The latest Disney movie trend

Disney has been making cartoons for a long time, with decades of classic children’s work under their belt. Fans tend to categorize these films into different “eras”, each characterized by a particular art style and / or other commonalities, such as certain genres of narrative. For example, the Disney Renaissance, which lasted from 1989 to 1999, consisted mainly of romantic adulthood musicals.

Things got a little more complicated when Pixar was released, as with its addition, Disney had two animation studios producing feature films – all the more so when Walt Disney Animated Pictures began producing 3D animated films. These days, much of the public finds it difficult to distinguish between “Disney” and “Pixar”.

What adds to this confusion is that both have begun to follow similar trends. There was a time when I felt that every Disney movie deliberately overturned the tropes of previous Disney movies, as a way to prove to the audience that the studio had gone beyond its past. There were the notorious “surprise” criminals who quickly became predictable. Then there were the years when a huge series of movies from both Disney and Pixar ended with the main characters of a favorite franchise following separate paths.

All these new tropes were mixed with the audience as they appeared more and more often. But a new one that has appeared has received mostly positive reviews so far.

The success of Pixar in 2017 Cocoa received a brilliant reception, especially for its story focusing on a Mexican family that faces traumatic generations and learns to better understand and listen to each other. It seems that Disney and Pixar received these comments and ran with them because in the last few months two more movies have had family trauma for generations as a major conflict: Disney’s Charm and Pixar It turns red.

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While all of these movies have child or teen protagonists and are great for kids, including this issue was a great way to help Disney reach a wider audience. All three of the aforementioned films have gained strong fans of teenagers and adults, who can relate to the deeper and more subtle aspects of the trauma presented in them.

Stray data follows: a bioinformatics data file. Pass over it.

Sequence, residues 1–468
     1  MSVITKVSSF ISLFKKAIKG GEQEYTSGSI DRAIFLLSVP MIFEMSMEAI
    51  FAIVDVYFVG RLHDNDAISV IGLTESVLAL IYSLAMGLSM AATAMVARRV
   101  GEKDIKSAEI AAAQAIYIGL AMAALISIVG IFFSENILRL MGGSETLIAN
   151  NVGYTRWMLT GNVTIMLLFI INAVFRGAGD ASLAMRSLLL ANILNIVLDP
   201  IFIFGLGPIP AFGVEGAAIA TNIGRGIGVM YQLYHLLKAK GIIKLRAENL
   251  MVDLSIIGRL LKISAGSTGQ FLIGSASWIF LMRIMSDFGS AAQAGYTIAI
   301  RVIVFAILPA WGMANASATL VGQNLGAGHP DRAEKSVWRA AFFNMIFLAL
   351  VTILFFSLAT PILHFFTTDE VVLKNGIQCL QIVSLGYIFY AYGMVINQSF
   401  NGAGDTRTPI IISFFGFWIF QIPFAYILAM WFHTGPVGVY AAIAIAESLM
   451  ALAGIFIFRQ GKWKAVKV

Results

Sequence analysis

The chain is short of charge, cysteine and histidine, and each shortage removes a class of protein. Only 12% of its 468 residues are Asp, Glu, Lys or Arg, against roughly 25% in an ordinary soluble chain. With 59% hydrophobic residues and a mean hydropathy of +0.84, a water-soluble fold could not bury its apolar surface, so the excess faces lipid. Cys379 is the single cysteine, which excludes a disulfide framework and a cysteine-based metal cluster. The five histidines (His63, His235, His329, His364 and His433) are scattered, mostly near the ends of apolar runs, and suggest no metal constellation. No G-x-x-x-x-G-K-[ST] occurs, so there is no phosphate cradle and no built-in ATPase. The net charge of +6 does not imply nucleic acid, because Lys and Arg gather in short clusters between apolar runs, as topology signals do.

The question now is: will this follow many other Disney movie trends and stagnate quickly? Honestly, I suspect it may not age as fast as some of the others. It is not based on innovation compared to something like the bad guys of surprise, where the troparion soon lost its shock value and is just a relative arc that can be presented in different ways. Each of the three films mentioned above presents a family of different sizes from a different culture in a different time period. Each protagonist goes on a different personal journey, and while all goes well in the end for each of them, this path and end point look very different for each of them.

That being said, it is noteworthy that in each of these stories, the matriarch of the family is treated as the root of the trauma. However, she is never abused enough and seems to be a victim of circumstances. However, to keep the use of this theme fresh, it may be interesting to explore the patriarchal family trauma in the future.

Eventually, the trauma of generations as a theme allowed more adults (and children) to connect with the recent Disney result. We hope the company will continue to incorporate even more topics that audiences of all ages can enjoy and connect with.

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